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Sing, choirs of angels: A reflection on Christmas hymns

Scott Harris

December 24, 2019
Nativity by Jean-Baptiste Marie Pierre (Source: Wikimedia Commons)
I once heard a priest say, during his homily, that people learn a lot of their theology from the hymns we sing in church – more so even than from homilies, he joked. He had a valid point. Hymns are full of theological themes which can be hard to get our brains around when they are discussed intellectually but which seem to make more sense when they are expressed poetically and set to music. The hymns at Christmas time are especially full of theological meaning that conveys the understanding of the incarnation of God in the flesh, and what that means for humanity.
The popular Christmas hymn, "O Come, All Ye Faithful", has a verse when it gets very theological, although, I have to admit, I’m not sure I noticed it before I started studying theology. I must have thought they were just poetic words in a nice Christmas hymn, but if you look closely, some of the lyrics are pulled right from authoritative texts. The verse I’m referring to is:
 

God of God, light of light,
Lo, he abhors not the Virgin's womb;
Very God, begotten, not created
O come, let us adore Him,
Christ the Lord.

 
Here we have descriptions of God the Son taken directly from the Nicene Creed where it explains the Second Person of the Holy Trinity. It affirms Jesus Christ as being truly divine and not a creation. With the Father and the Holy Spirit, Christ is the same God and the same light. He is fully divine, but at the same time, he takes on human flesh and becomes fully human to reconcile us with the Father. In a later verse, the phrase, Word of the Father, now in flesh appearing, is sung, emphasizing the same credal concept of God the Son, who is the eternal Word of the Father, taking on mortal flesh.
The phrase, Lo, he abhors not the Virgin's womb, comes from the ancient Latin prayer known as the "Te Deum". Specifically, it is from the English translation in the Anglican Book of Common Prayer (here is a modern Catholic translation). The “Te Deum” is traditionally sung in the Liturgy of the Hours every day at Matins (although it is omitted in Advent and Lent, like the Gloria at Mass). It is a hymn of praise to God and is structured like the Creed, making statements of faith about God in three Persons. It describes Christ as the “everlasting Son of the Father” who became human to redeem us, overcoming death to open the kingdom of heaven to all. Christmas hymns aren’t just festive songs; there are some deep theological references in them!
The Adoration of the Shepherds by Guido Reni (Source: Wikimedia Commons)
Another hymn that is full of theological meaning is "Hark! The Herald Angels Sing", which I always think of as embodying the climax of Christmas and the birth of the Messiah. Hearing it sung in procession during Midnight Mass is always a powerful experience. It begins by expressing how the birth of Christ is the “triumph of the skies”, reconciling humanity with God and freeing us from sin. It then gets into the Christology of the Creed and Scriptures, expressing theology set to music:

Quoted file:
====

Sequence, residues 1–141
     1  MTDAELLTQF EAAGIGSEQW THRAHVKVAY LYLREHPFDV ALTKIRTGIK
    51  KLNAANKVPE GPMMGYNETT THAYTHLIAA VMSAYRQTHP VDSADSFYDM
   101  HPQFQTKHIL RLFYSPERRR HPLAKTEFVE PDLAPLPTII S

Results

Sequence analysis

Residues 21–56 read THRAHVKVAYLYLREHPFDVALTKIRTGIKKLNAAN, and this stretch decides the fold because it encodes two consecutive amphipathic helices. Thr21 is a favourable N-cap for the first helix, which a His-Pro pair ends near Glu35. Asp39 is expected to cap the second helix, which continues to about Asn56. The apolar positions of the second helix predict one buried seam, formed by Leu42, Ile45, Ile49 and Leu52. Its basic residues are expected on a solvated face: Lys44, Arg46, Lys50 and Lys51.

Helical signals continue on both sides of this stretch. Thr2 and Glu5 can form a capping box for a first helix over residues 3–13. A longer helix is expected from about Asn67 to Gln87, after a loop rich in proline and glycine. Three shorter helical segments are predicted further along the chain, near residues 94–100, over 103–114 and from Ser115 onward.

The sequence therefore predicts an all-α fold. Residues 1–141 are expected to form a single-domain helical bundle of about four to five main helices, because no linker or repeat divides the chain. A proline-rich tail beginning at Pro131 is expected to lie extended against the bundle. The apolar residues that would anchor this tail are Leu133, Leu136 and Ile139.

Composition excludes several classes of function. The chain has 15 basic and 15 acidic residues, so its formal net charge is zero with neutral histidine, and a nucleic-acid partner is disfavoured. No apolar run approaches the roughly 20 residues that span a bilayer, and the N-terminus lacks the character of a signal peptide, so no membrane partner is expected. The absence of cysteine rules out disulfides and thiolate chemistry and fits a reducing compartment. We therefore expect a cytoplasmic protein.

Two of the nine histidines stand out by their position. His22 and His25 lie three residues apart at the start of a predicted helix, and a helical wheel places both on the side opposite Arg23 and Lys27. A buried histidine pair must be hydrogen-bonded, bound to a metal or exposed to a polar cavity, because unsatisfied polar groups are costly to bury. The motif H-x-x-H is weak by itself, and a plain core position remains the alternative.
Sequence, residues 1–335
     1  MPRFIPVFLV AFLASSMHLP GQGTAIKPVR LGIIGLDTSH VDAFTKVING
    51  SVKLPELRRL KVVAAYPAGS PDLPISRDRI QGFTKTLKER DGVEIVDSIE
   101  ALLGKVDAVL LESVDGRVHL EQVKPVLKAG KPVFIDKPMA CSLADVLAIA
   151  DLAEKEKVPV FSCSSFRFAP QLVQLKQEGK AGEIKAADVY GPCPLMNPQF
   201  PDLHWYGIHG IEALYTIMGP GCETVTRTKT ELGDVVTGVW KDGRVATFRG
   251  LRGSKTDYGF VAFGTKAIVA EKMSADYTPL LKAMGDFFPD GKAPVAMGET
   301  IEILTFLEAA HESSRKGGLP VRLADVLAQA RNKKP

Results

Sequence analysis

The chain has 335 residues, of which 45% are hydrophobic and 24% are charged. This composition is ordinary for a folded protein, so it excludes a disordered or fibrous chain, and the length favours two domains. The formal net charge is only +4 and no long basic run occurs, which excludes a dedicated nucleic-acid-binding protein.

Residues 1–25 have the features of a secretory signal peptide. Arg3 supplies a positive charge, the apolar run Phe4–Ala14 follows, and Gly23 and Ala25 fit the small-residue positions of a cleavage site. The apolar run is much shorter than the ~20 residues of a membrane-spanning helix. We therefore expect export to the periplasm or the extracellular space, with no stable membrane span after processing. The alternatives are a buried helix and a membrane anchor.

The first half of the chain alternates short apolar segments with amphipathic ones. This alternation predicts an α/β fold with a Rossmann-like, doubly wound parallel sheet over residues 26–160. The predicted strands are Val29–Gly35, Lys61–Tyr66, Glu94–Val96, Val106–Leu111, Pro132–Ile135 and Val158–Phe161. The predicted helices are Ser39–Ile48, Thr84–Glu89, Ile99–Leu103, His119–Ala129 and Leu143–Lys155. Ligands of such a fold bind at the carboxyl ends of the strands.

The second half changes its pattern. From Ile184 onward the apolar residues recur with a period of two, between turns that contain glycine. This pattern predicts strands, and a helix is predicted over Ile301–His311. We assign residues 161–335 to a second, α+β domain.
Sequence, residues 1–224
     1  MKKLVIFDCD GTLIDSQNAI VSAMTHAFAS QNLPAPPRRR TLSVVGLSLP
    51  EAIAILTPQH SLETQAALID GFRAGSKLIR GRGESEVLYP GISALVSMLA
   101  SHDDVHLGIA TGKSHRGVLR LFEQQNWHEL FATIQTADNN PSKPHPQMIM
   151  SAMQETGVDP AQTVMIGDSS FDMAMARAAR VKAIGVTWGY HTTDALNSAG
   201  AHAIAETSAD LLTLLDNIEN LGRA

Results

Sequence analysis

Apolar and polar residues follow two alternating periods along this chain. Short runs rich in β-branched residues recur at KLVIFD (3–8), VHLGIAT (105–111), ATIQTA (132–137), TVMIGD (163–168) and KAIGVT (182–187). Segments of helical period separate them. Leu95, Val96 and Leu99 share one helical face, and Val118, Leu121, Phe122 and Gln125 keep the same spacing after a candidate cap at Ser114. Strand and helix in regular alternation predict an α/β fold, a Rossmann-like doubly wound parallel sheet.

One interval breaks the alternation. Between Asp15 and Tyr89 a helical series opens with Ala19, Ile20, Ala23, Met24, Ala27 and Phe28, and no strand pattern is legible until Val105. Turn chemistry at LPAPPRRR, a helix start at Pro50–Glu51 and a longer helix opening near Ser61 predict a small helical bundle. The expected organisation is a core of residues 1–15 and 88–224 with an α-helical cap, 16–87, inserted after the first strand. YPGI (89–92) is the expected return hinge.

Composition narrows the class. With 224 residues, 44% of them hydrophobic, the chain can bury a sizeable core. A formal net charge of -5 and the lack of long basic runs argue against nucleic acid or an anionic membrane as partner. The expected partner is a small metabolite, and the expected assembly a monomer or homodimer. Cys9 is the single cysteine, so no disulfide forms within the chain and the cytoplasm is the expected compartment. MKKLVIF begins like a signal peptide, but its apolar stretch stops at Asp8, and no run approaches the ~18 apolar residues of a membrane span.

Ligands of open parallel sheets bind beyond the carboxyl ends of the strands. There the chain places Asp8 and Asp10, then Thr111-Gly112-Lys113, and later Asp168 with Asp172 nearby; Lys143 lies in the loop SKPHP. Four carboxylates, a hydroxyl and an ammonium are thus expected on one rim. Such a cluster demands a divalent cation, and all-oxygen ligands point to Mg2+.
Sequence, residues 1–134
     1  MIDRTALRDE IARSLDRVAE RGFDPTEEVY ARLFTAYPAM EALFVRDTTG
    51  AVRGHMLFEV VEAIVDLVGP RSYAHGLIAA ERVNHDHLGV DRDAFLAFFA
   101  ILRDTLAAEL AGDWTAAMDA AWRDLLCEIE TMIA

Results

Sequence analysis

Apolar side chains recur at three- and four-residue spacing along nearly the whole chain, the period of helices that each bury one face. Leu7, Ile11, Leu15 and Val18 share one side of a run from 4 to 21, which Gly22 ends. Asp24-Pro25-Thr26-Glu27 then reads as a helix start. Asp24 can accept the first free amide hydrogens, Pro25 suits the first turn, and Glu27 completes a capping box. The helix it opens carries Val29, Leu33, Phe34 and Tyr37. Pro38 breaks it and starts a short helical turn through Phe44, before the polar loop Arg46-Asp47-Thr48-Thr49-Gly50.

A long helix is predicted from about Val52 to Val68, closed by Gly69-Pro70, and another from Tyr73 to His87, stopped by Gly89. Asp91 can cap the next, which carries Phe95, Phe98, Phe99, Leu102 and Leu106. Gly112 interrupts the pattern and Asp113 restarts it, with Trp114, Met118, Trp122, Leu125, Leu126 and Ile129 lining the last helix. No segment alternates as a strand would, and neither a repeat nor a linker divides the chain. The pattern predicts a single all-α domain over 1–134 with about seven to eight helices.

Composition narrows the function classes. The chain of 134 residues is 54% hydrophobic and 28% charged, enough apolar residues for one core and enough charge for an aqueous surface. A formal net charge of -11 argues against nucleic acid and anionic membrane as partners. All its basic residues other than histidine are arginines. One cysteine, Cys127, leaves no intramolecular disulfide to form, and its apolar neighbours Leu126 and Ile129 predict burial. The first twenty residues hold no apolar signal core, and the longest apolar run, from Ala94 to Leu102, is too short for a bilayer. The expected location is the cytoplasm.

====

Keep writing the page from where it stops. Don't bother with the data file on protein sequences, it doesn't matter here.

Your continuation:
Christ, by highest heaven adored
Christ, the everlasting Lord,
Late in time behold Him come
Offspring of a Virgin's womb:
Veiled in flesh the Godhead see,
Hail the incarnate Deity
Pleased as man with man to dwell
Jesus, our Emmanuel

 
Again, Christ is described as “everlasting”, one of the three eternal divine persons who are one God, who takes on flesh to dwell among humanity for our redemption. This verse also refers to the Old Testament prophet, Isaiah, whose book is prominent in the lectionary during the Advent season leading up to Christmas. At Mass for the Fourth Sunday of Advent, we heard the prophecy from Isaiah 7:14: “Therefore the Lord himself shall give you a sign. Behold a virgin shall conceive, and bear a son, and his name shall be called Emmanuel.” Emmanuel means “God with us”, and Christ is interpreted as being the sign of God’s presence with us, coming from the womb of a virgin (or “young woman” in newer translations), according to the prophecy of Isaiah.
The last section of this hymn also has important theological significance:
 

Mild He lays His glory by
Born that man no more may die
Born to raise the sons of earth
Born to give them second birth

 
 It expresses how God puts glory aside and becomes human in great humility, as God the Son, the eternal Word, is given to humanity “veiled in flesh”, as Jesus Christ. Through the Incarnation of God, humanity is redeemed and the hereditary death that began with the fall of Adam and Eve is vanquished. Christ becomes the new Adam, the first of a newborn humanity reconciled to God. It’s a really profound message, and music has the ability to sum up these teachings and express them in a powerful way.
There are many other hymns with deep theological meaning, but I think “O Come, All Ye Faithful” and “Hark! The Herald Angels Sing” are two of the most compelling Christmas hymns that encapsulate the meaning of the season. Be sure to listen closely to the music at Mass during Christmas time, and look for meaning contained in the hymns we sing as we commemorate the birth of God in the flesh. May everyone have a merry Christmas season, and enjoy the blessings of God through Christ and his Blessed Mother.

Looking for more Christmas reflections? Check out our Advent and Christmas webpage!